A low-pass filter, also known as anti-aliasing or “blur” filter, was designed by camera manufacturers to eliminate the problem of moiré by blurring what actually reaches the sensor. While extreme details are lost in the process, the problem of moiré is completely resolved. Since most cameras are designed to be used for day-to-day photography, where moiré pattern is very common, most cameras on the market today use a low-pass / anti-aliasing filter. While this surely benefits most photographers out there, it is a big blow on landscape photographers that never see moiré and yet end up with blurred details. Because of this problem, some companies on the market started specializing in removing the low-pass / anti-aliasing filter from modern DSLR cameras, specifically targeting landscape photographers. Most digital medium-format and some high-end cameras do not have a low-pass filter, because they want to deliver the best performance from their sensors. While those cameras are affected by moiré, manufacturers leave it up to the photographer to decide on how to avoid it or deal with it in post-processing. Below you will find two examples of low-pass filters used on typical Nikon DSLRs and on the Nikon D800E.
A typical low-pass filter contains of 3 or more different layers, as shown on the top illustration below:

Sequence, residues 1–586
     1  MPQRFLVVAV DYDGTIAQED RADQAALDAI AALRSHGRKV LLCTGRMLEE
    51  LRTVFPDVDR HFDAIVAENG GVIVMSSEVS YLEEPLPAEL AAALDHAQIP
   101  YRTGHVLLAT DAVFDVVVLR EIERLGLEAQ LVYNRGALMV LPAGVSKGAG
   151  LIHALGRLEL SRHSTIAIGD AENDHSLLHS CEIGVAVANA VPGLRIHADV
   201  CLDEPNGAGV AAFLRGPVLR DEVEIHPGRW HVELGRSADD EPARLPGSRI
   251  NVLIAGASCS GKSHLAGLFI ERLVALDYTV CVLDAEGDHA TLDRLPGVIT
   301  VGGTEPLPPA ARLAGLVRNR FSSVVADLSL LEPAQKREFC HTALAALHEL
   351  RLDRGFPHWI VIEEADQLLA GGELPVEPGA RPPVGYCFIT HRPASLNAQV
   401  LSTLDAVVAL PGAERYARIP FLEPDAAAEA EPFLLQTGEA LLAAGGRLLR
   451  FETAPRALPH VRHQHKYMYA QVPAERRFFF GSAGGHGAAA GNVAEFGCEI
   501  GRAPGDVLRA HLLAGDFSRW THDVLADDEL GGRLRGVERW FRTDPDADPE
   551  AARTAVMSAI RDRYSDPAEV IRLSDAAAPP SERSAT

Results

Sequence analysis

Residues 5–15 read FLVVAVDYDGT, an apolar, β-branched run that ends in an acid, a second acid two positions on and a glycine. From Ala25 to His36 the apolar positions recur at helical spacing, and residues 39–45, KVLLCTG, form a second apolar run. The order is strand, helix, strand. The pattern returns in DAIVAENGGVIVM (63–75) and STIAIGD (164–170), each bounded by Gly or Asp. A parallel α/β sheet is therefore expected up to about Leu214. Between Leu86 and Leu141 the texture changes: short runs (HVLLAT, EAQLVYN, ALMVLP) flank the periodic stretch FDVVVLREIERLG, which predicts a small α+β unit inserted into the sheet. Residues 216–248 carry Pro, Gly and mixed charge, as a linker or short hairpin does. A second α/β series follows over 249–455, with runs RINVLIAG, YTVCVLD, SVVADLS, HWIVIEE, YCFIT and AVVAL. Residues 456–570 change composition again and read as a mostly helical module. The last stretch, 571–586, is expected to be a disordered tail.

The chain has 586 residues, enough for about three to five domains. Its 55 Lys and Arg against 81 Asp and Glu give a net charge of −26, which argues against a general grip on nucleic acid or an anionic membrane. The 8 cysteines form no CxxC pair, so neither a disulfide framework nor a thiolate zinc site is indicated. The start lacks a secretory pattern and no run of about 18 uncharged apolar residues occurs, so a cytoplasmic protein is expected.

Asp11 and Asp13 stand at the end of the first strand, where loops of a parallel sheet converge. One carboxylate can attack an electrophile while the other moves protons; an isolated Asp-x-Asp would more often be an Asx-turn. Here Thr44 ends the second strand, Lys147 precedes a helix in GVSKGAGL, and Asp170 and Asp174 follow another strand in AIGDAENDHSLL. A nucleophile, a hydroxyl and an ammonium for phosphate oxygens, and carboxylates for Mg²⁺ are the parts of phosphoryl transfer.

As light rays reach the first “horizontal low-pass filter”, they get split in two, horizontally. Next, they go through an infrared absorption filter (illustrated in green color). After that, the light rays go through the “second vertical low-pass filter”, which further splits the light rays vertically. This light ray conversion process essentially causes blurring of the details.
With the Nikon D800E DLSR model, Nikon took a different approach. The full low-pass filter cannot be completely removed, because it would cause the focal plane to move; plus, the camera still needs to be able to reflect infrared light rays. Instead of making a single filter with one layer, Nikon decided to still use three layers, but with two layers canceling each other out. As light rays get split into two with a vertical low-pass filter, then through the IR absorption filter, those same light rays get converged back when passing through a reversed vertical low-pass filter. Hence, instead of getting blurred details as in the first illustration, we get the full resolution.
I am not sure if the above method is the best way to deal with the issue, but I suspect that Nikon decided to take this route for cost reasons. It would probably be more expensive to produce a single IR absorption filter layer coated on both sides, than continue to use the same layers, but in a different configuration.